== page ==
Abrams and Kemp Renew Attacks in Georgia Debate

ATLANTA — The candidates in the closely watched race for governor of Georgia hammered one another Tuesday evening in a debate broadcast live on Georgia Public Broadcasting stations and streamed on Facebook Live and on the web.

Within minutes of starting, the debate was interrupted briefly by a fire alarm in the studio. But soon the candidates were back on air, sparring heatedly over the issues of Medicaid expansion, their personal financial histories and voter registration.

The debate was the first time Georgia voters had a chance to see the main candidates — Stacey Abrams and Brian Kemp — go head-to-head in what has been a close, hard-fought and potentially historic race. The Libertarian candidate in the race, Ted Metz, also took part.

Ms. Abrams, the Democrat, is a former minority leader in the state House of Representatives; if she wins, she would be the first black woman to become governor of an American state. Mr. Kemp, the Republican, who is white, is the Georgia secretary of state; if he wins, it will underscore his party’s enduring strength in a Southern state that has not elected a Democratic governor since 1998.

A chunk of the debate focused on a long list of actions by Mr. Kemp’s office that his critics say have either prevented or discouraged people, particularly nonwhites, from voting. A recent Associated Press report showed that his office, following a law Mr. Kemp supported, has held up the voter registrations of more than 50,000 people, most of them black, because of perceived problems with their registration forms.

“Under Secretary Kemp, more people have lost the right to vote in the state of Georgia,” Ms. Abrams said. “They’ve been purged, they’ve been suppressed and they’ve been scared.”

Mr. Kemp argued, as he has in the past, that he had actually made it easier to vote in Georgia. “If you look at the numbers, minority participation in Georgia is up 23 percent,” he said. “We have a million more people on our voter rolls today than we had when I took office.”

The claims of voter suppression, he said, were “a farce” meant to distract from what he called “Ms. Abrams’s extreme agenda, including proposals he characterized as “a government takeover of health care.”

Ms. Abrams has called for Georgia to expand its Medicaid program under the Affordable Care Act, as other states have, and she defended the idea again Tuesday night, pointing out that Vice President Mike Pence had done so when he was governor of Indiana.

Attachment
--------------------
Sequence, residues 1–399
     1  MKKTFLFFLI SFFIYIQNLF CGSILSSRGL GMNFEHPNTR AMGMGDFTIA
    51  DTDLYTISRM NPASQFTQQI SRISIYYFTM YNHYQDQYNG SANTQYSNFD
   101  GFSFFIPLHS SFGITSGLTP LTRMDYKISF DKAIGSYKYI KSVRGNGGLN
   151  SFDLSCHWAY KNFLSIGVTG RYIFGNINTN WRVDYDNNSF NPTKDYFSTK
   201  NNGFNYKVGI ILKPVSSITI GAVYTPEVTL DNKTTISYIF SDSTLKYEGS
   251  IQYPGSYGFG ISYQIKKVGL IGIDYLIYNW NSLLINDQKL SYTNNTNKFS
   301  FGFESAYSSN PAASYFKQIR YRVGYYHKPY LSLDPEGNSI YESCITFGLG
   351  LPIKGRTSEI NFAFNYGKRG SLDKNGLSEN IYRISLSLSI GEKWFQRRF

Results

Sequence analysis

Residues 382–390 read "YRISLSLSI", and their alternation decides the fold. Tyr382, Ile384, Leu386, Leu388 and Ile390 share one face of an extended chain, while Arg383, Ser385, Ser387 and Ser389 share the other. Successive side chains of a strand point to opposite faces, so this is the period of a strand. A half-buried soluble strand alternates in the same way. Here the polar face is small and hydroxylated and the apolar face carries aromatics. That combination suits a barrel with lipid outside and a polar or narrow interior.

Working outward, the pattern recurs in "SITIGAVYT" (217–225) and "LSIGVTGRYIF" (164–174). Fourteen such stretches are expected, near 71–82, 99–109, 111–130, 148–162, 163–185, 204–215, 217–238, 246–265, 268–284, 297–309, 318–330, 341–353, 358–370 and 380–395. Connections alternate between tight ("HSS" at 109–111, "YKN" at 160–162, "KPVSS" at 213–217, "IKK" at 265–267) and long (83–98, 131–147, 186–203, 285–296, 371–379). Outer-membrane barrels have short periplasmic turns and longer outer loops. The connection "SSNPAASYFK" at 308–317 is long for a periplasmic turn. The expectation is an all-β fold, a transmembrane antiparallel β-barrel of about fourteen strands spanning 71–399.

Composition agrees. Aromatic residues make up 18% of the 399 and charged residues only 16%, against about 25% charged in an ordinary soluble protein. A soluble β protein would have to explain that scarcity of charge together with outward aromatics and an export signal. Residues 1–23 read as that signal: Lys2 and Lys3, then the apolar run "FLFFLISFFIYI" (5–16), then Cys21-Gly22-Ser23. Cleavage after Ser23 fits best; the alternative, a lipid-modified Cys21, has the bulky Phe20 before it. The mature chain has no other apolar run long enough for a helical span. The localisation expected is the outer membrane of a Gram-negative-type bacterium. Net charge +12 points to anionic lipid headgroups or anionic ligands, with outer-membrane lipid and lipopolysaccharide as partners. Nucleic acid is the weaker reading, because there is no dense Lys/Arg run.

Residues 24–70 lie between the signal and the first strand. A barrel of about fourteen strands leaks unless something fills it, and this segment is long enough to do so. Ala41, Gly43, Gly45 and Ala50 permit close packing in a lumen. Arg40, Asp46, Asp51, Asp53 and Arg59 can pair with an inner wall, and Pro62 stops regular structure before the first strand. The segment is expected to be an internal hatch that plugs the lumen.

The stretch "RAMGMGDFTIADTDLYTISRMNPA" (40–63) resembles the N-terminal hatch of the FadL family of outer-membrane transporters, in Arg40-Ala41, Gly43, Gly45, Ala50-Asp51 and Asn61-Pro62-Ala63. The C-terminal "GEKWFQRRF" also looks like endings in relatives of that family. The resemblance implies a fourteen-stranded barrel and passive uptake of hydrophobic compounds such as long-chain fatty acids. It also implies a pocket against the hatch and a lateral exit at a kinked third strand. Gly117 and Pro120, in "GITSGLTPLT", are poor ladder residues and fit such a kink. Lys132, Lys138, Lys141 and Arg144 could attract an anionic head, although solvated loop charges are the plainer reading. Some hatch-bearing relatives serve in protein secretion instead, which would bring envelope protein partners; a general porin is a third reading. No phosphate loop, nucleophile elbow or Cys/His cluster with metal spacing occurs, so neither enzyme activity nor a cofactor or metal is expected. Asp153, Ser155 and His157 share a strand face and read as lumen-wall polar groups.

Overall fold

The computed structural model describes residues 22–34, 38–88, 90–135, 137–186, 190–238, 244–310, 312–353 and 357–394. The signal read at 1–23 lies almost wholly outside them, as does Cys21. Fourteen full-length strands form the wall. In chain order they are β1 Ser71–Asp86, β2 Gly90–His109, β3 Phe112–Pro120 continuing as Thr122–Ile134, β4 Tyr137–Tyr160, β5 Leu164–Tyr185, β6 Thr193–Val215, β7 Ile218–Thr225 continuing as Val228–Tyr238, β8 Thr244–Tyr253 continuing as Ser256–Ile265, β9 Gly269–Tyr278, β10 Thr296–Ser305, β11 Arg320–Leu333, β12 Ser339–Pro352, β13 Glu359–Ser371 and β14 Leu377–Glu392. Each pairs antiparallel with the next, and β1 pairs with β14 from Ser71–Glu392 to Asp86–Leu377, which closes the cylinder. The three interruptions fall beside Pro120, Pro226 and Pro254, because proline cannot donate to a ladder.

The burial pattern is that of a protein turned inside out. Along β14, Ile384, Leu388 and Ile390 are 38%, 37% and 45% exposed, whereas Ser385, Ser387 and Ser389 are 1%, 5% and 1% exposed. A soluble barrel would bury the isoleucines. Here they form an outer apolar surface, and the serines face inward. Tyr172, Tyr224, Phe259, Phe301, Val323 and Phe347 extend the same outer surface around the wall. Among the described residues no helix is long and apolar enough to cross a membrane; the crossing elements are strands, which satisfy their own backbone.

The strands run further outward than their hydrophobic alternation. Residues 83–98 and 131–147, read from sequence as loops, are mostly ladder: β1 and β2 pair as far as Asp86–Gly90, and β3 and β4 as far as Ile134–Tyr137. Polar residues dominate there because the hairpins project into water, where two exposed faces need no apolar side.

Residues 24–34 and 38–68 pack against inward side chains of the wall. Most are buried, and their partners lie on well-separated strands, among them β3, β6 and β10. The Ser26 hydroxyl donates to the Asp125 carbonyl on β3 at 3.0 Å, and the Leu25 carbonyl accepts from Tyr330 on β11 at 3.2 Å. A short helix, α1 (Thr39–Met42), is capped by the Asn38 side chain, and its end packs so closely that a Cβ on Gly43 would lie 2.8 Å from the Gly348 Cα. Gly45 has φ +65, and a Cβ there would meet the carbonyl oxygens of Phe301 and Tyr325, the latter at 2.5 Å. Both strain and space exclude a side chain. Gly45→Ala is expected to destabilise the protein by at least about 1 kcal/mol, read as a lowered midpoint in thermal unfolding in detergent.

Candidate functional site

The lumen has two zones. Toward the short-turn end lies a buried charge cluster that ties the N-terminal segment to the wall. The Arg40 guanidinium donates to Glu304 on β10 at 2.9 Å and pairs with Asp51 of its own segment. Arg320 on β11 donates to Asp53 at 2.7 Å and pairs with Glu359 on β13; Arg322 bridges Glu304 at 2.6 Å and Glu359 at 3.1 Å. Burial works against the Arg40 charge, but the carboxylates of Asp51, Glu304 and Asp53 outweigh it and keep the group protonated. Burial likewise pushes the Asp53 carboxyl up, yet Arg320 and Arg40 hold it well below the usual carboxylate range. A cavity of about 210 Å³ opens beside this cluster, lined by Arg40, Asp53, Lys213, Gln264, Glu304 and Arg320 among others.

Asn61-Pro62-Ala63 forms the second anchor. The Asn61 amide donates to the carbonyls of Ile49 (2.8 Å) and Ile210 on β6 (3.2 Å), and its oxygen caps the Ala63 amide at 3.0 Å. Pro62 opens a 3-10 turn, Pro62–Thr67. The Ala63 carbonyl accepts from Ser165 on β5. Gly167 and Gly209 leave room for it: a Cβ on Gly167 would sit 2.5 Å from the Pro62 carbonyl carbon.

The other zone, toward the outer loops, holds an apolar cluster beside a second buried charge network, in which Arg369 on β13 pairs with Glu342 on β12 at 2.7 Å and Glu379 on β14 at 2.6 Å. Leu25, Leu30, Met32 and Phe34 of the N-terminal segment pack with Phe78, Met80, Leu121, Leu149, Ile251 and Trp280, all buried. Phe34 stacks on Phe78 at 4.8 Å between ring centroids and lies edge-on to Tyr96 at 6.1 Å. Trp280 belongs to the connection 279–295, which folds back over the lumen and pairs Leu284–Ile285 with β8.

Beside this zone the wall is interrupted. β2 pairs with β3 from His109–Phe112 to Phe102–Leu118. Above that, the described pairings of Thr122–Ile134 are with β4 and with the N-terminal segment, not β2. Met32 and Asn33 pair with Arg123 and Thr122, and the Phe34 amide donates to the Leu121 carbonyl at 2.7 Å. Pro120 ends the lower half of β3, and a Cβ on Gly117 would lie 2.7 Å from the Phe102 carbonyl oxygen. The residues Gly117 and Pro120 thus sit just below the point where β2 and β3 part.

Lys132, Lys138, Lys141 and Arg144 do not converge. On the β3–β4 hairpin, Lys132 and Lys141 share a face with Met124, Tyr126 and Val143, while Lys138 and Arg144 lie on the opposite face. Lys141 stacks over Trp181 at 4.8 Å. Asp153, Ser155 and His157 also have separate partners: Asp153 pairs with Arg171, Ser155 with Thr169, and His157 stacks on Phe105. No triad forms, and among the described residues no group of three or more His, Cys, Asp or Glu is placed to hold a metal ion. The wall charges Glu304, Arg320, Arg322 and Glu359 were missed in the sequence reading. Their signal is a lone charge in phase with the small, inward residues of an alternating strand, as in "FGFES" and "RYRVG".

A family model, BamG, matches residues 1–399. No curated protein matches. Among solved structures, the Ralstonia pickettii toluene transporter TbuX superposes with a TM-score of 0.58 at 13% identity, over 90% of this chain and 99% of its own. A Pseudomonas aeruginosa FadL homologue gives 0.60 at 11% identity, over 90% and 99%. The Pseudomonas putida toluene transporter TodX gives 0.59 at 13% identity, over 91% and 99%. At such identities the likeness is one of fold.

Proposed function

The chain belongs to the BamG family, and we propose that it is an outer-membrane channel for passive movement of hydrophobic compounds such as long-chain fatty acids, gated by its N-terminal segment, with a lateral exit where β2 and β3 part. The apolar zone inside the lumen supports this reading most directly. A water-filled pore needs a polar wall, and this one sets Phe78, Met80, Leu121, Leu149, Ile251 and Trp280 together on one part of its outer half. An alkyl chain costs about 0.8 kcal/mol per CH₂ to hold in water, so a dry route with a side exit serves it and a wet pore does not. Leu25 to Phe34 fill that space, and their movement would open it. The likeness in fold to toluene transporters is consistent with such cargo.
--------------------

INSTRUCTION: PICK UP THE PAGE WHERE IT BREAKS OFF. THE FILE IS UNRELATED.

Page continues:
Mr. Kemp did not bring up an incident from 1992 that has figured in recent news coverage, in which Ms. Abrams burned the Georgia state flag at a protest. At the time, the state flag included the Confederate battle-flag symbol, a design that was approved by a defiantly segregationist state legislature in the 1950s; the flag has since been changed.

But a journalist on the panel asked Ms. Abrams about it. “Twenty-six years ago, as a college freshman, I, along with many other Georgians including the governor of Georgia, were deeply disturbed by the racial divisiveness that was embedded in the state flag with that Confederate symbol,” Ms. Abrams responded. “I took an action of peaceful protest, I said that that was wrong, and 10 years later, my opponent Brian Kemp actually voted to remove that symbol,” she said, referring to Mr. Kemp’s tenure in the State Senate.

The format of the debate included a round of questions the candidates leveled at one another. Many of those questions were bank shots, seeking one rival’s view of an accusation leveled at the other, prompting rebuttals and re-rebuttals that sometimes seemed to briefly confuse even the moderator.

A second debate is scheduled for Nov. 4, two days before Election Day.

Though Mr. Metz’s chances of winning the race may be slim, if he can attract more than a smattering of votes, he could deny both Mr. Kemp and Ms. Abrams an outright majority and force them into a runoff in December. Mr. Metz, a former insurance industry worker, spoke of the myriad benefits of industrial hemp, saying that vote for him would be a protest vote against the “oligarchs running the planet.”

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